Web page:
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Nude Tower


Project for an urban block in Lungotevere dei Mellini with a hotel tower with a large ballroom at the top, commercial and office spaces

Nude Tower


This project aims to give form to an unexpressed ambition of present-day Rome: that of realising a panoramic hotel in the centre. The building, situated at Lungotevere dei Mellini, in the area where the Prati quarter looks towards the ancient city, occupies two irregular blocks of the nineteenth-century grid. From an ample platform which accommodates car parks, commercial space and a large garden on the top, there emerge two vertical structures: a low tower for offices which connects the new complex with the adjacent islands, and another white tower in travertine with rectangular foundation, oriented towards the Tiber river. This appears from the road to be cut into two thin slabs, set apart from the space generated by the connective horizon of each floor, that becomes the entrance hall to the hotel on the riverside. On the long sides of the tower, the sequence of the tripartite windows, externally in rows, verticalises the central area of the impagination of the two opposite walls. At the corners, walls enclose the vertical connective of stairs, lifts and equipment, defining the character of the monolith. On the attic floor, ninety metres above ground, a ballroom forms a new observation point over the city. At night, hanging in the sky it appears as a gate of light suspended in the dark, giving rise to an idea as simple as it is evocative: the crown of the tower is no longer a physical object, like a spire or an antenna, but a void.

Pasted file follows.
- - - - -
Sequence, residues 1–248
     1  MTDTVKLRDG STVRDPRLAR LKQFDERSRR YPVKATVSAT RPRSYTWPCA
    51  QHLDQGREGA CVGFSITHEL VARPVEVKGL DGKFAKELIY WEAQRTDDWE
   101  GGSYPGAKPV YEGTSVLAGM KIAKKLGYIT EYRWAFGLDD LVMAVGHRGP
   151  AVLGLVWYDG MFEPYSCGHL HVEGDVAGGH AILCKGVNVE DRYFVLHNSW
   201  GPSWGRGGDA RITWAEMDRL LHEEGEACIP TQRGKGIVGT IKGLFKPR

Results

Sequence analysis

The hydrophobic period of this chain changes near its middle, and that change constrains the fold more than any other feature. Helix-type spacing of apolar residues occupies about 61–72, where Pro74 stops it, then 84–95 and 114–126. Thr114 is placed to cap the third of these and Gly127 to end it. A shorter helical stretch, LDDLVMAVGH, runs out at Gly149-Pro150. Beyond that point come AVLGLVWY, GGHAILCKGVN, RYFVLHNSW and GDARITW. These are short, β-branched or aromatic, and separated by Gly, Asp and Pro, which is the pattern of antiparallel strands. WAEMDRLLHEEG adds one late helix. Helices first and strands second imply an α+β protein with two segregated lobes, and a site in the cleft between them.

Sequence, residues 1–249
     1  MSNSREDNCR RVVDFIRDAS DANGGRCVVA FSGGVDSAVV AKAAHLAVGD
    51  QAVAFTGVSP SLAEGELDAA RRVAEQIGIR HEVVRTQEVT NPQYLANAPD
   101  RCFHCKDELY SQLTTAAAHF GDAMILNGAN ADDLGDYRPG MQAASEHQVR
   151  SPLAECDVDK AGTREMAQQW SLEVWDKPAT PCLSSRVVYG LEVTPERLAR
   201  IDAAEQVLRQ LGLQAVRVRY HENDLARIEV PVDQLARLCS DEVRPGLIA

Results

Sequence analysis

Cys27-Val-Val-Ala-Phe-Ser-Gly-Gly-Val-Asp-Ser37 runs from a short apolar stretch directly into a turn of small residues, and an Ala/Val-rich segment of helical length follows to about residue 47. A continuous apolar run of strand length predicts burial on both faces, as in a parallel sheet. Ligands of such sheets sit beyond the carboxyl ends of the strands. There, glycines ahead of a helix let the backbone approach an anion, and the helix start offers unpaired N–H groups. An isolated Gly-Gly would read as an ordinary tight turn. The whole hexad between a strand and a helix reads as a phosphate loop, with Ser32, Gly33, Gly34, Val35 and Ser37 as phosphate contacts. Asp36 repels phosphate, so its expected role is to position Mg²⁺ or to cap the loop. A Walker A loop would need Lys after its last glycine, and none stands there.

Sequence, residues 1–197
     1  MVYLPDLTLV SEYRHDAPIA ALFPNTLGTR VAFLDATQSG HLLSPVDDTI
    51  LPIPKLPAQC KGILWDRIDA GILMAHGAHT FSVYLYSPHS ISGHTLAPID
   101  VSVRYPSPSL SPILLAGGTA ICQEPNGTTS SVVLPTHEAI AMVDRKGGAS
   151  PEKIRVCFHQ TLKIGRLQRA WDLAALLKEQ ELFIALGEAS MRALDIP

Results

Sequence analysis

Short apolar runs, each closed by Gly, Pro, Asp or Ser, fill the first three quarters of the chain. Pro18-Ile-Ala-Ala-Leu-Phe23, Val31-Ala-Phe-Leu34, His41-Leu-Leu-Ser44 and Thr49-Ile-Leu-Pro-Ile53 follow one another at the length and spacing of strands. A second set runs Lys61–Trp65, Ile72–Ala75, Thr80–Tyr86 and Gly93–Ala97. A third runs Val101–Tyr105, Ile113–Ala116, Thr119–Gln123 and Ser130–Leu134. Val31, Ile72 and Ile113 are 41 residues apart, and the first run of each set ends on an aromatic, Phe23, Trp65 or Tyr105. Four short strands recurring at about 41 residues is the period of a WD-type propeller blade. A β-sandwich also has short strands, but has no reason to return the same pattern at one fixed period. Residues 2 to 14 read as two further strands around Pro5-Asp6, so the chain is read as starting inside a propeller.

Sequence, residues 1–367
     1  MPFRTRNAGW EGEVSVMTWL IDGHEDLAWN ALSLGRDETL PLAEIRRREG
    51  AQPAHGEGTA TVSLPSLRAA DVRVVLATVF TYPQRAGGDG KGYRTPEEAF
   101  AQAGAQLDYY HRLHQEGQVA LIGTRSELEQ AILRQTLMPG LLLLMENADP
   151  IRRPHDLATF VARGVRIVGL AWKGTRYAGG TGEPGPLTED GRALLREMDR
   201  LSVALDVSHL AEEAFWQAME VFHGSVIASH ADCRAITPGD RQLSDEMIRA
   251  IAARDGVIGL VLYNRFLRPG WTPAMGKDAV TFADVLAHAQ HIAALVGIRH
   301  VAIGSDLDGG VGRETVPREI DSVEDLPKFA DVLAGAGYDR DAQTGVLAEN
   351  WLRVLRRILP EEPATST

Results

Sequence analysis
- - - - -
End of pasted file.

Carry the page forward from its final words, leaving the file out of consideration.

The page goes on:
Nude Tower


  • Time: Nov. 2007 (design)
  • Place: Lungotevere dei Mellini, Rome, Italy
  • Area: 50,000 m² (twenty-five storeys)
  • Typology: hotel tower


  • Architecture design: Antonino Cardillo
  • CGI, text: Antonino Cardillo
  • Translation: Charles Searson


  • Antonino Cardillo, ‘Taking a position’ (pdf), build Das Architekten-Magazin, no. 5/11, ed. Ralf Ferdinand Broekman, Olaf Winkler, Wuppertal, Oct. 2011, p. 51.